Oscar weeps bitterly in court

2013-02-16 00:00

PREMEDITATED murder.

That is what the state will prove Oscar Pistorius committed when he shot his girlfriend, Reeva Steenkamp, in the early hours of Valentine’s Day, advocate Gerrie Nel told the Pretoria Magistrate’s Court yesterday.

That means the accused allegedly had time to consider his actions, but still acted with the intent to kill his victim. According to the law, such a person did not act in the heat of the moment.

The court was jammed with media from as far afield as India and Fiji.

Pistorius’s father, Henke, sat stone-faced in the first row of the public gallery.

The paralympic athlete was neatly dressed in a dark suit, blue shirt and dark tie.

But one corner of his shirt collar was turned up and his eyes were swollen with recent tears. His mouth was set, as if he was fighting to keep his emotions in check. He apparently wept bitterly in the court cells yesterday morning.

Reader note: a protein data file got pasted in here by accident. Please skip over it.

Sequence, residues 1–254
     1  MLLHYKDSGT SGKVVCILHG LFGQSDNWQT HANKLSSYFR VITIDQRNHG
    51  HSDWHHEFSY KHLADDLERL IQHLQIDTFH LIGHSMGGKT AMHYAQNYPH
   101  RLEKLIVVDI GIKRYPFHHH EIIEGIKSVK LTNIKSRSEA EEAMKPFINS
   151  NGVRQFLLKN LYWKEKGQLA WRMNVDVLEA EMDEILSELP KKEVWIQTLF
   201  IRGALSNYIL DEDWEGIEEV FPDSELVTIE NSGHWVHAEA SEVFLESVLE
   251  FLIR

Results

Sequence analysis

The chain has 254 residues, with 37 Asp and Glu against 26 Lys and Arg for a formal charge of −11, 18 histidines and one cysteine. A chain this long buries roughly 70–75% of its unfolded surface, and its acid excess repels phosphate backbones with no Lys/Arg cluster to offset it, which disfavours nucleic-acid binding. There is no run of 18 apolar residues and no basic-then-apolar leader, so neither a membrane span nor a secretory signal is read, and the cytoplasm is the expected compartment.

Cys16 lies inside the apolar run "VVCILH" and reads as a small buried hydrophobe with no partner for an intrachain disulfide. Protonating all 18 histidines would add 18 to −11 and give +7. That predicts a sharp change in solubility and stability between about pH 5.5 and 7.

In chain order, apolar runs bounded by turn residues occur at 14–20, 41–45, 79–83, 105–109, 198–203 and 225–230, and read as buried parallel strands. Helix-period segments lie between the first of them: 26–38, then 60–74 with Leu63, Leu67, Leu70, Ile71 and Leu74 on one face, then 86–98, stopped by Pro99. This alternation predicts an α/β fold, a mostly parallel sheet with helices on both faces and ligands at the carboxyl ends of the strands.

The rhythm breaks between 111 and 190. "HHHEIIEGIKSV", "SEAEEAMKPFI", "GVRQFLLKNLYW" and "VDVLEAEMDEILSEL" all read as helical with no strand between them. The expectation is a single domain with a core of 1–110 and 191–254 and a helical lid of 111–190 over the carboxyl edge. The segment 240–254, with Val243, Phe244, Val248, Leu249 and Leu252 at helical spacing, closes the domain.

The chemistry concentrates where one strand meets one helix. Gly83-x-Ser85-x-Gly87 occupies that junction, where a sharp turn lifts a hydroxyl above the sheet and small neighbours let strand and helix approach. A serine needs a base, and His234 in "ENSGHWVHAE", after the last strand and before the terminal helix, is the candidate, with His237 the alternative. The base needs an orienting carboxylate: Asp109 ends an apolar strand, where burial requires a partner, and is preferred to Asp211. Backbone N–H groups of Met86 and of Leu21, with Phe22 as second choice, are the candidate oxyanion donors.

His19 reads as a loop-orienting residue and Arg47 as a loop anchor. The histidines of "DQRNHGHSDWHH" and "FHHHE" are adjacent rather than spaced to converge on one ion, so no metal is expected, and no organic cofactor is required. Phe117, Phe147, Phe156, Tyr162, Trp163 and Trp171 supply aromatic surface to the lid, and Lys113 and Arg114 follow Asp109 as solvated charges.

Pistorius looked panicked at the sea of cameras in the court and dropped his face into his hands.

Chief magistrate Desmond Nair greeted him and told him to calm down and be seated.

His lawyer, Barry Roux SC, said he was “seriously traumatised”. He asked that the case be postponed until Tuesday for a bail hearing.

Roux said the state was planning to charge Pistorius with a schedule six offence under the Criminal Procedure Act, because it alleges the crime was premeditated.

However, he said he believed it should be a schedule five offence.

A person accused of a schedule six offence has to prove there are special circumstances that justify bail, and that bail is in the interest of justice.

With a schedule five offence, the accused has only to prove that bail is in the interests of justice.

Roux said the defence team wanted to do its own investigation and present facts arguing that the charge should fall under schedule five.

“We want to approach forensic experts. We can only start our investigation when we get access to the property [Pistorius’s house], which we have not yet got,” he said.

He asked that Pistorius be held at the Brooklyn police station cells rather than in jail.

He said it was not about preferential treatment,or it being a high-profile case.

“Most of the consultations will have to take place after hours and it will just be easier at the police station,” he said.

Nel didn’t oppose the request.

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